#12 An unexpected flurry of snow

I am in my local Women’s Institute book club and at our last meeting I had mentioned my trip and Gill, one of the ladies, kindly lent me a book of walks in the local area. I had done some limited research of my own but with everything else going on I’d not yet formed any kind of plan to actually get my endurance up to eight hours a day. I eagerly looked through the book and came across one that looked ideal for my next venture – 12.75km over marshy terrain by the coast, estimated duration 3.5hrs.

As with the first map, this map was just as rudimentary and while my sense of direction is not bad I regularly get lost going to places I don’t know (my ‘pool’ friends will attest to this fact!) although I usually get there in the end. The walk wasn’t in a country park or anything, in the book it is billed as appealing to “those who love wide, empty spaces with the landscape dominated by the sky” and “the atmosphere in this remote corner of Kent still carries the romance of the days of smugglers” so it was unlikely that I would see many people (apart from Pirates maybe), but if I started fairly early I figured there would be enough daylight to find my way back to civilisation if I got lost … The start point was a 30min drive away and I’d kind of worked out where I should find the car park so was all set, but then disaster struck. On the Thursday it snowed. Where I live, when you get a few cm of snow the roads become impassable – that afternoon we had about two inches. It took me 3hrs to drive the three miles home from the train station, car sliding everywhere, so on Friday I stayed put and hoped for a thaw.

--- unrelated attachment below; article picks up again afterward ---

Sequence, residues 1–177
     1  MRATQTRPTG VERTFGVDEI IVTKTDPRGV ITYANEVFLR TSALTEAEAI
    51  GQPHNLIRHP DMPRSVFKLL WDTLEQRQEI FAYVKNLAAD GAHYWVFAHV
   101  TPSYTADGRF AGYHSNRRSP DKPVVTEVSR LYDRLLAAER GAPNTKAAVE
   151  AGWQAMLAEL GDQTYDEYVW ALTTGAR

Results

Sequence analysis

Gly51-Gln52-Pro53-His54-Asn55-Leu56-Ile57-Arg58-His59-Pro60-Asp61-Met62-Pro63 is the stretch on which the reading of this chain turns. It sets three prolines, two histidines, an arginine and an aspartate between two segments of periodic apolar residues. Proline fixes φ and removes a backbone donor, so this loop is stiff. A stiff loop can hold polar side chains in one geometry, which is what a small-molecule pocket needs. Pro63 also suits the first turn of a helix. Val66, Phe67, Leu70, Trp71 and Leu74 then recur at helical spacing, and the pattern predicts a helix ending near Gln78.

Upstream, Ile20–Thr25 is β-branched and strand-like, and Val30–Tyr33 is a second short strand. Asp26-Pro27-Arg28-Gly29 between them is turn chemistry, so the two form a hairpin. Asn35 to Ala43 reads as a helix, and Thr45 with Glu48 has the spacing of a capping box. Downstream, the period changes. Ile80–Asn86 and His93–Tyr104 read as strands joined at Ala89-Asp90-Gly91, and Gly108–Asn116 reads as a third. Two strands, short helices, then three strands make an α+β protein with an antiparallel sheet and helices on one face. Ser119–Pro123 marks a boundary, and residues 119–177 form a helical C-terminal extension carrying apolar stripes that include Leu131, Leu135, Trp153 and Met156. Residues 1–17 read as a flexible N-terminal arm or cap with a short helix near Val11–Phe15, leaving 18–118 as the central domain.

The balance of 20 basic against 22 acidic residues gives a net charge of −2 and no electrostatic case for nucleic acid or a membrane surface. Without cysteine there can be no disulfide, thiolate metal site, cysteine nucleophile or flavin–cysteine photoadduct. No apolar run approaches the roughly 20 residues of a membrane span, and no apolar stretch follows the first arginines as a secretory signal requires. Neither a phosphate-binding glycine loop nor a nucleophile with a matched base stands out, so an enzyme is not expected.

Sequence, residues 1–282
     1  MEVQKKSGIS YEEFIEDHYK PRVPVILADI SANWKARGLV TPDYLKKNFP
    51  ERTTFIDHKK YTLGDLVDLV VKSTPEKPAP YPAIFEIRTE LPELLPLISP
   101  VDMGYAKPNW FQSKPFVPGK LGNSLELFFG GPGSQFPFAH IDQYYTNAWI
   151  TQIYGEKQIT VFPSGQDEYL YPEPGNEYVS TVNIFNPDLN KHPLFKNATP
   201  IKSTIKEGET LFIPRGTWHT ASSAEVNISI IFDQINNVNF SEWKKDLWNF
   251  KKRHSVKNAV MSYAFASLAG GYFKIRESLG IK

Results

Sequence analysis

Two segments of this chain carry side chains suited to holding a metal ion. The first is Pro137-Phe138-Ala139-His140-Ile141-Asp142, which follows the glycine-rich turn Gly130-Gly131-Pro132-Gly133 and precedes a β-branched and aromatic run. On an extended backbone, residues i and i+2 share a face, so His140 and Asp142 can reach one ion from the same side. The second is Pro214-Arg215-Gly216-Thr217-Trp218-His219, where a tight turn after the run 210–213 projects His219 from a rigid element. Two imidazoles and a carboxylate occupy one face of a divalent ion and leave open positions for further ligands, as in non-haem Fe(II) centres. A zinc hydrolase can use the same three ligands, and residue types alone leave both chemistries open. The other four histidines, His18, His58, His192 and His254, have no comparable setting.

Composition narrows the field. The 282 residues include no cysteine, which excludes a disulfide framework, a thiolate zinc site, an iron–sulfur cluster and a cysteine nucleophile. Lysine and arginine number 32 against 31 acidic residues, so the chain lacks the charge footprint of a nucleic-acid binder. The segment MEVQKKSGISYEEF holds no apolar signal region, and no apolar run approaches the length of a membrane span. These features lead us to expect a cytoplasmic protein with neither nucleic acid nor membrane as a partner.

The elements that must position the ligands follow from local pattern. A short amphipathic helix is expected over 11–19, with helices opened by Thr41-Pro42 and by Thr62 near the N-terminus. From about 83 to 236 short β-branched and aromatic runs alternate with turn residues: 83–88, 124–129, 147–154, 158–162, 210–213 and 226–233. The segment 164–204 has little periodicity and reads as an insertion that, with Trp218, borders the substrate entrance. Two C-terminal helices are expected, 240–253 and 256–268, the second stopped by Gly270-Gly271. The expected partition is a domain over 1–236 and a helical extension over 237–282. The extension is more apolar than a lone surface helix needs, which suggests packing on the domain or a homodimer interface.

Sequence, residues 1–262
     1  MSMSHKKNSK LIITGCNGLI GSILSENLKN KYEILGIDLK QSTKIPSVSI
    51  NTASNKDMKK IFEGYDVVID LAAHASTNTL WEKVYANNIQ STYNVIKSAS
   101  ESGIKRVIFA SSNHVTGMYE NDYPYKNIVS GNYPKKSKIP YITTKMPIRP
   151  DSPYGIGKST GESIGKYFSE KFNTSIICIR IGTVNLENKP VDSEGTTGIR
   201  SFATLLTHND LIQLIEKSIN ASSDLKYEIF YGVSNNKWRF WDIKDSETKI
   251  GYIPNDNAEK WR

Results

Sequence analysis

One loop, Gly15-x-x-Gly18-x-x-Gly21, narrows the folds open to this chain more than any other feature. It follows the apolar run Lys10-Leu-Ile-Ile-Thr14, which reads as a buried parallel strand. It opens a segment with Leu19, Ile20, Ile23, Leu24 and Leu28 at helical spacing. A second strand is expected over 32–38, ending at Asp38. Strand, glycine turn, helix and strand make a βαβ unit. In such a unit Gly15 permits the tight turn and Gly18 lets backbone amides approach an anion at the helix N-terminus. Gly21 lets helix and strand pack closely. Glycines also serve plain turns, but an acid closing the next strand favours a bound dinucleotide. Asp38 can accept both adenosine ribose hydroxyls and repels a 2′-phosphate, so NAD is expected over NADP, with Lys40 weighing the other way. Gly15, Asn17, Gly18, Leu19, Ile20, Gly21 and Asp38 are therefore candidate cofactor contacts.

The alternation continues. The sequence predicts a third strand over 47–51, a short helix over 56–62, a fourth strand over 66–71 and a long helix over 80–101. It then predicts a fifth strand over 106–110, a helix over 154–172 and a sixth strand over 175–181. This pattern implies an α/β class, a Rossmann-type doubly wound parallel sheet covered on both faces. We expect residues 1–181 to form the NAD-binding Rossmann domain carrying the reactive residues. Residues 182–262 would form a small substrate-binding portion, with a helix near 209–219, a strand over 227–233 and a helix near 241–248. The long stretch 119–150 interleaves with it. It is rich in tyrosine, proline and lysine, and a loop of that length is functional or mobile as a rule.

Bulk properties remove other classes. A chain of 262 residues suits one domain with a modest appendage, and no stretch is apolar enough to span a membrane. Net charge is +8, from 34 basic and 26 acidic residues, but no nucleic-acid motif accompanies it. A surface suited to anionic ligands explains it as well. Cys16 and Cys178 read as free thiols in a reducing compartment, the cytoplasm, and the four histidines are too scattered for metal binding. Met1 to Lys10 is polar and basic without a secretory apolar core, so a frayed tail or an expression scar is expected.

Saturday was looking like it had the best weather forecast, although when I woke up there was still snow on the ground so I knew that on the marshes conditions might be a tad dodgy. Weighing up my safety against my determination, this time safety won and I decided to go to the coastal country park a few miles away instead. There is a tiny Visitors centre and there I found a leaflet with some trails marked out, taking you along the coast, up a hill and past a nature reserve.

That morning I had finally remembered to download ‘Map My Walk’ onto my phone so was excited to try it out. It came in handy as it shows you where you are in real time and it’s quite amusing to look at the journey I did with all the backtracks and going round in circles where I – you guessed it – got lost. I really enjoyed it, and purposely walked round the field instead of across one end to make the journey longer, and went up small tracks to see where they led (usually to a dead end). I’m starting to like this walking lark I think! It was again a beautiful day, some rain, some sun, about 4 degrees, and I got some amazing photos. This is what this whole thing is about, feeling awed by the landscape, feeling free, feeling alive, this is why I want to travel and visit the Himalayas and all the other fantastic places there are to see in the world. Three hours later and about 13.5km walked I headed home and felt like I was making progress.


Published by Elizabeth M

globe-trotter | writer | photographer | musician I first started travelling in my 20's and, where possible, I like to travel 'off the beaten track'. I've done some cool things like the Inca Trail, trekked to Everest Base Camp and visited the hottest place on earth! I've started writing about my travel experiences, check out my website at https://lizmooney.net

Leave a Reply

Fill in your details below or click an icon to log in:

WordPress.com Logo

You are commenting using your WordPress.com account. Log Out /  Change )

Facebook photo

You are commenting using your Facebook account. Log Out /  Change )

Connecting to %s

%d bloggers like this: